This document follows [RFC 7800
] for PoP semantics for JWTs (CWTs MAY
also be used). The AS includes a "cnf" (confirmation) parameter in the PoP token to declare that the Client possesses a particular key and the RS can cryptographically confirm that the Client has possession of that key, as described in [RFC 9201
Note that the contents of the web tokens (including the "cnf" parameter) are to be consumed by the RS and not the Client (the Client obtains the key information in a different manner). The RPK case is handled as described in Section 3.2.1
of RFC 9202
. For the PSK case, the referenced procedures apply, with the following exceptions to accommodate JWT and JOSE use. In this case, the AS adds a "cnf" parameter to the Access Information carrying [RFC 7517
] object that contains either the symmetric key itself or a key identifier that can be used by the RS to determine the secret key it shares with the Client. The JWT is created as explained in Section 7
of RFC 7519
, and the JWT MUST
include [RFC 7516
]. If a CWT/COSE is used, this information MUST
be inside the "COSE_Key" object and MUST
be encrypted using a "COSE_Encrypt0" structure.
The AS returns error responses for JSON-based interactions following Section 5.2
of RFC 6749
. When CBOR is used, the interactions MUST
implement the procedure described in Section 5.8.3
of RFC 9200
Unless the Client publishes and subscribes to only public topics, the Client and the Broker MUST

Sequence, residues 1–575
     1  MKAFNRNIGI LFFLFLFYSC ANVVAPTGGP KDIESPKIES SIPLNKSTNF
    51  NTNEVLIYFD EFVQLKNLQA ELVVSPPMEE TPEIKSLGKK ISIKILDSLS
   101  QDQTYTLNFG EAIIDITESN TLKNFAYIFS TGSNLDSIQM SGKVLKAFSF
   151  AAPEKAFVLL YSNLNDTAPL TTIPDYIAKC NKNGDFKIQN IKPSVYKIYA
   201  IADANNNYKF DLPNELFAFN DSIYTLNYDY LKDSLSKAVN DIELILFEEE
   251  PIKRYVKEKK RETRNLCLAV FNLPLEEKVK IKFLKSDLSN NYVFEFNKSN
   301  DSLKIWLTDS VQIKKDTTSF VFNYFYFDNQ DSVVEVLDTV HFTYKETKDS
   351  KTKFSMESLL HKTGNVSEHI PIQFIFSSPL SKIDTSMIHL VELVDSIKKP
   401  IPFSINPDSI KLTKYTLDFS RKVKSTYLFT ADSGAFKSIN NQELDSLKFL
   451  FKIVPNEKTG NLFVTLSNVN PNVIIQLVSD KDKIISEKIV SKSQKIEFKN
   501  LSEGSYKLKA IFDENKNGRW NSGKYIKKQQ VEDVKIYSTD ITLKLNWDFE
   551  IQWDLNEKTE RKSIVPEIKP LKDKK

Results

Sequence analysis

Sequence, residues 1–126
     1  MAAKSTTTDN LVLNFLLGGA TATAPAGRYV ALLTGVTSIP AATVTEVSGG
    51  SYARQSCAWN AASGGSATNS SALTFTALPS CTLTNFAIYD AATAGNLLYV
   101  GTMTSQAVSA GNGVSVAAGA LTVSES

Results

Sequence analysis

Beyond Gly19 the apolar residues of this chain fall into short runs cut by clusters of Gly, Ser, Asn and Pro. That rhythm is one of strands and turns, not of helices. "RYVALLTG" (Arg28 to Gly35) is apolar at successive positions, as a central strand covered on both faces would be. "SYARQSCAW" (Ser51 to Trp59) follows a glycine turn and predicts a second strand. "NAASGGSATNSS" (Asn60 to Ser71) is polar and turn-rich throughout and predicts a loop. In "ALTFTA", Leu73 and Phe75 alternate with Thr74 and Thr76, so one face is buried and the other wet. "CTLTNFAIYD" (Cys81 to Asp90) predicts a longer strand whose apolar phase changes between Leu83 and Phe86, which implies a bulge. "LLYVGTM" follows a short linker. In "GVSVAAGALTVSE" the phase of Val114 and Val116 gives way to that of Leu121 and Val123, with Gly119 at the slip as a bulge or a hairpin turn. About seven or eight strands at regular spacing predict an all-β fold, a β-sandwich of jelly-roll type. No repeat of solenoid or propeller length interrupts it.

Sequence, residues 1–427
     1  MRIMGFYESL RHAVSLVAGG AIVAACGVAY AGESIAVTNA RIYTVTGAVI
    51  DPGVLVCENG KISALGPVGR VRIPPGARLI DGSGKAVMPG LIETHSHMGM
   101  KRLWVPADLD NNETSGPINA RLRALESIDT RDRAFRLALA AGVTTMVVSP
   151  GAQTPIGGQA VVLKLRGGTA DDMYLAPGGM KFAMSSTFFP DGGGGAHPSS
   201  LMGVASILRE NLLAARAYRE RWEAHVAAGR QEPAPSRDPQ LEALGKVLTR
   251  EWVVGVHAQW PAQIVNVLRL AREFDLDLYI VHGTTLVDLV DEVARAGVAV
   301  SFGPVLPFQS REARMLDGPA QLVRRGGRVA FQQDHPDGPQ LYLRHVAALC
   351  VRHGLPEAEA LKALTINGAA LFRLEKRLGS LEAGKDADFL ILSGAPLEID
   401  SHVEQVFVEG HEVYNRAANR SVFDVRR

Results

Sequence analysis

perform mutual authentication. The Client MUST
authenticate to the Broker either over MQTT or TLS before performing any other action. For MQTT, the options are "None" and "ace". For TLS, the options are "Anon" for an anonymous client, and "Known(RPK/PSK)" for RPKs and PSKs, respectively. The "None" and "Anon" options do not provide client authentication but can be used either during authentication or in combination with authentication at the other layer. When the Client uses TLS:Anon,MQTT:None, the Client can only publish or subscribe to public topics. Thus, the client authentication procedures involve the following possible combinations:
This option is used only for the topics that do not require authorization, including the "authz-info" topic. Publishing to the "authz-info" topic is described in Section 2.2.2.
The token is transported inside the CONNECT packet and MUST be validated using one of the methods described in Section 2.2.2. This option also supports a tokenless connection request for AS discovery. As per the [RFC 9200], a separate step is needed to determine whether the discovered AS URI is authorized to act as an AS.
This specification supports client authentication with TLS with RPKs and PSKs, following the procedures described in the [RFC 9202]. For the RPK, the Client MUST have published the token to the "authz-info" topic. For the PSK, the token MAY be published to the "authz-info" topic or MAY be, alternatively, provided as a "PSK identity" (e.g., an "identity" in the "identities" field in the Client's "pre_shared_key" extension in TLS 1.3).
This option SHOULD NOT be chosen as the token transported in the CONNECT packet and overwrites any permissions passed during the TLS authentication.
It is RECOMMENDED